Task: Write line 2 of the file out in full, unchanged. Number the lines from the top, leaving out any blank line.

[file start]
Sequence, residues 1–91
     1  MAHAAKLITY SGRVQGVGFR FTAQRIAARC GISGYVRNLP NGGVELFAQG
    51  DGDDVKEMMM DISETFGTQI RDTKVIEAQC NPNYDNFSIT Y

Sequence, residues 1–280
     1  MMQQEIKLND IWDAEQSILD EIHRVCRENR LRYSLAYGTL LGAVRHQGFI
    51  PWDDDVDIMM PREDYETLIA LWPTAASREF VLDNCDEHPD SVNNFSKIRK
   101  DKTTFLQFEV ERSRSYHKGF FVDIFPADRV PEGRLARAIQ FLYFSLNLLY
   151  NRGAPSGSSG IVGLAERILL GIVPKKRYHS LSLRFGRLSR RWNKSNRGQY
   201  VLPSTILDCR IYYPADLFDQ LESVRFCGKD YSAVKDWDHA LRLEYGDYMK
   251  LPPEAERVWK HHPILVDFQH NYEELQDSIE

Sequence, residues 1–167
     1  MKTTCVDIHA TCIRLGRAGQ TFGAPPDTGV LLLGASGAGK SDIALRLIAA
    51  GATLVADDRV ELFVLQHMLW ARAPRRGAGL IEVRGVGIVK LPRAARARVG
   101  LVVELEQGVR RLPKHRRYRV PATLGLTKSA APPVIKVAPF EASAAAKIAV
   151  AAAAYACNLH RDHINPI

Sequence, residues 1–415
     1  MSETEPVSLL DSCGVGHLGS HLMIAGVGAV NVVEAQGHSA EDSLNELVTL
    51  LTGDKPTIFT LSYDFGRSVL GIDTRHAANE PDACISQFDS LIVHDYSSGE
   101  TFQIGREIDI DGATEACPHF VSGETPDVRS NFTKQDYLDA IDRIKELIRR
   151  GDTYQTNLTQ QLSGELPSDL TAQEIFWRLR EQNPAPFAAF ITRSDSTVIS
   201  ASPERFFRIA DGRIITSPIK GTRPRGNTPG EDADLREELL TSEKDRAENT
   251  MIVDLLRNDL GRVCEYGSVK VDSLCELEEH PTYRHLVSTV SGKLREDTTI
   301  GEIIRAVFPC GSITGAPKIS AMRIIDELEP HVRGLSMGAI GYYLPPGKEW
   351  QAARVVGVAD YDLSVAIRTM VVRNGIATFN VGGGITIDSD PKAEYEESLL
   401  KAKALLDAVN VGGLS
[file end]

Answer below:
     1  MAHAAKLITY SGRVQGVGFR FTAQRIAARC GISGYVRNLP NGGVELFAQG